Stricter rules in elite hockey don't prevent concussions


July 26, 2013

Topic: concussion

New NHL rules have not prevented concussions

According to a recent study, a change in hockey body? checking allowances do not reduce the chance of suffering a concussion for players. Researchers examined the amount of head injuries in recent National Hockey League seasons as compared to recent rule changes and found that there were actually more concussions after the fact.

The study used reports of player injuries in the NHL from 2009 to 2012, and the researchers discovered that, in the 2009-2010 season, athletes experienced less head trauma than they would in the later seasons. The data revealed that 64 percent of all concussions were caused by body? checking, and 28 percent were the result of illegal moves.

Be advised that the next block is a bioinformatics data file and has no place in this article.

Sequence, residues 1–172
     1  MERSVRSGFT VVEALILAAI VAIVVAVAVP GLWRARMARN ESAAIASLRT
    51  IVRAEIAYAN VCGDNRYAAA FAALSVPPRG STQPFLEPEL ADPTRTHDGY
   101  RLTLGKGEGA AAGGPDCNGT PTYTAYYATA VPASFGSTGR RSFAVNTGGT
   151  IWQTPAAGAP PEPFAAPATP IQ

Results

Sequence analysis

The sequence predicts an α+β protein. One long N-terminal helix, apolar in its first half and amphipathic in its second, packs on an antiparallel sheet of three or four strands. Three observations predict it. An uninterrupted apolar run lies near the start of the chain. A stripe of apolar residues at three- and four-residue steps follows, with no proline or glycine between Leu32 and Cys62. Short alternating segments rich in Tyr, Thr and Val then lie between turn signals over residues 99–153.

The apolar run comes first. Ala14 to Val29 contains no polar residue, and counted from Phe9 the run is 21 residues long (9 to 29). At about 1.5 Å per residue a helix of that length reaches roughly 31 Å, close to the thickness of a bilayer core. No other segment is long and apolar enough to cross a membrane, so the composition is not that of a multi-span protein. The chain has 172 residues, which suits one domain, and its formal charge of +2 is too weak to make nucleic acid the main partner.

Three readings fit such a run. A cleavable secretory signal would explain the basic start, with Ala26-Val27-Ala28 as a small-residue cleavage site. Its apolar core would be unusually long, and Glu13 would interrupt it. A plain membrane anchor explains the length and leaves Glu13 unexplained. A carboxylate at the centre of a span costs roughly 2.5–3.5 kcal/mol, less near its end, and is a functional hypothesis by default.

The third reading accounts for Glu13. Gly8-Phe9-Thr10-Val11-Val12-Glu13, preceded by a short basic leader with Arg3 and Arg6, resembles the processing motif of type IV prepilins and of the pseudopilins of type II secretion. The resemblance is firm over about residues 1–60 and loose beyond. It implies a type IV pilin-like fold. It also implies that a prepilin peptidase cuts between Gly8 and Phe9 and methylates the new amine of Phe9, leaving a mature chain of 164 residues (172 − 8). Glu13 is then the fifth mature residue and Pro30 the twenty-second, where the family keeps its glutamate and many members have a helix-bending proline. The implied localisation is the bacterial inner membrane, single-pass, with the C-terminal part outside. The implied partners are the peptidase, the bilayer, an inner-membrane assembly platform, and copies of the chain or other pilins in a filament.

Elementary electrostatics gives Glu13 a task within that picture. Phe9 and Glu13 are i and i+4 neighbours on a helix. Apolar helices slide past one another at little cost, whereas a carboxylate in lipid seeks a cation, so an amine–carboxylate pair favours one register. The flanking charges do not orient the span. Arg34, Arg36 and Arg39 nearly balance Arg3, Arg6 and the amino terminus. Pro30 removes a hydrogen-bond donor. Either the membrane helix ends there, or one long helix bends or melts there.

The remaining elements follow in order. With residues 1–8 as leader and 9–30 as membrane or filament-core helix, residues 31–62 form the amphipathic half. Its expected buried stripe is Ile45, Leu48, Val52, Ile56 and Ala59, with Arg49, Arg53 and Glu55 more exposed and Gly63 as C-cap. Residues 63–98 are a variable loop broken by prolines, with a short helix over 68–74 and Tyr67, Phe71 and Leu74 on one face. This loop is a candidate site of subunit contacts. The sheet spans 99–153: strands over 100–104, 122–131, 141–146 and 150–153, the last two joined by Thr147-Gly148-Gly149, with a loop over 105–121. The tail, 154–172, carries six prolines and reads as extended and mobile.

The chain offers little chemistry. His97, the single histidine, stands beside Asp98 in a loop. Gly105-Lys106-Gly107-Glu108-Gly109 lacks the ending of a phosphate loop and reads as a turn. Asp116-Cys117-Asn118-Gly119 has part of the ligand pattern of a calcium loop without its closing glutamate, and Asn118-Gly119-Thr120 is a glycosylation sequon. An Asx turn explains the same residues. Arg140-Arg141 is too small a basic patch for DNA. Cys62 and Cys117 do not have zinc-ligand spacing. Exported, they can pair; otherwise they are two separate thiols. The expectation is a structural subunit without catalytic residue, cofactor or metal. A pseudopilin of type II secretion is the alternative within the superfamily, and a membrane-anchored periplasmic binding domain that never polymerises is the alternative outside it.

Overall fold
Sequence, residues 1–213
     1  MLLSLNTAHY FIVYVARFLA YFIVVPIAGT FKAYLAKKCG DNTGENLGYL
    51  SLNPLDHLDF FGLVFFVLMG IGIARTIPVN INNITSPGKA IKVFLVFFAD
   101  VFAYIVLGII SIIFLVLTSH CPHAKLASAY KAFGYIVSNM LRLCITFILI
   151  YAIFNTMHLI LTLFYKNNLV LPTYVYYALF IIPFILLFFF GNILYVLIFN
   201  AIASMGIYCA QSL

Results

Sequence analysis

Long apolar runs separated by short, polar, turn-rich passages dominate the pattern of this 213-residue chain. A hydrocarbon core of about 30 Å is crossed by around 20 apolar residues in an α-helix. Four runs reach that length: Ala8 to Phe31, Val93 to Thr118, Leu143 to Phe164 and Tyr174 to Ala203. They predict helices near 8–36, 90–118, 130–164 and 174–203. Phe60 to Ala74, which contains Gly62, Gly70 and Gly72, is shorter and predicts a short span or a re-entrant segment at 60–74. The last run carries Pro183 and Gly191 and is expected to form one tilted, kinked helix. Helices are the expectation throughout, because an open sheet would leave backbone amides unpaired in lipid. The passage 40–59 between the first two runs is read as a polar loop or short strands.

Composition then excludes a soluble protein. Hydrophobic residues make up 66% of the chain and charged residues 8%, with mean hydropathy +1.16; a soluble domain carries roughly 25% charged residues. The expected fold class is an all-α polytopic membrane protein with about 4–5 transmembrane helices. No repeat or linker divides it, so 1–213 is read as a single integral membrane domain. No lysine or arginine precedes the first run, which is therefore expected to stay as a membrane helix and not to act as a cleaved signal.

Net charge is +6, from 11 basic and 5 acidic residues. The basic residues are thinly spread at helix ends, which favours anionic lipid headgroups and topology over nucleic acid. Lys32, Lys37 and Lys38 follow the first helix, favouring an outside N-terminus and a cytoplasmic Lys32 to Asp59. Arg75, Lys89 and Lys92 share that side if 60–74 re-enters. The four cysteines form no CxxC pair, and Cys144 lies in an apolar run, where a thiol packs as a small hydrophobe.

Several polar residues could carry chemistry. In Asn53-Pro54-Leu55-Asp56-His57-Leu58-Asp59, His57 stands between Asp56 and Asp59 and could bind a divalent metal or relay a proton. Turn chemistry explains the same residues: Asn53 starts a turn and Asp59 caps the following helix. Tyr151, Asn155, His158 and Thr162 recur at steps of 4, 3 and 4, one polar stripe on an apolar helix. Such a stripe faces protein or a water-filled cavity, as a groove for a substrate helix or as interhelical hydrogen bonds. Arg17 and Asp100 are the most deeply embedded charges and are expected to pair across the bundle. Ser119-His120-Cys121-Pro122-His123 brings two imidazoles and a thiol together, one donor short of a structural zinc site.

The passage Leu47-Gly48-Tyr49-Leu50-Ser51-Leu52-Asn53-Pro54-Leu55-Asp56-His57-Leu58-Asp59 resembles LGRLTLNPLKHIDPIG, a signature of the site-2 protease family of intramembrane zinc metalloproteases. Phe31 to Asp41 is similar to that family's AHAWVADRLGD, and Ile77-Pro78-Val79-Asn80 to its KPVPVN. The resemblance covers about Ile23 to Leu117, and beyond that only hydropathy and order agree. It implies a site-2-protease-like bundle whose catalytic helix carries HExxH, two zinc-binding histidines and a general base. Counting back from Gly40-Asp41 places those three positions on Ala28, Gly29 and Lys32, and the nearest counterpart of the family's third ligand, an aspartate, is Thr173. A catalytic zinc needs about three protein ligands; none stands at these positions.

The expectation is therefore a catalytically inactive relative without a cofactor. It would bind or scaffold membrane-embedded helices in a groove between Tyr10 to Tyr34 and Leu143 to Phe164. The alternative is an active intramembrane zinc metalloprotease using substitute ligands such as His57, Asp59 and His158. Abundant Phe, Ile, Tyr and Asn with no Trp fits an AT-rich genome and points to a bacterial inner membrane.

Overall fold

Researchers concluded that further rules or better enforcement of existing rules is necessary to prevent concussions in the future. The American Academy of Orthopaedic Surgeons noted that hockey can usually be played safely in youth leagues, so long as the players use the appropriate equipment and are able to maneuver on the ice. The source stated that around 63,000 hockey-related injuries are reported each year in the U.S. 


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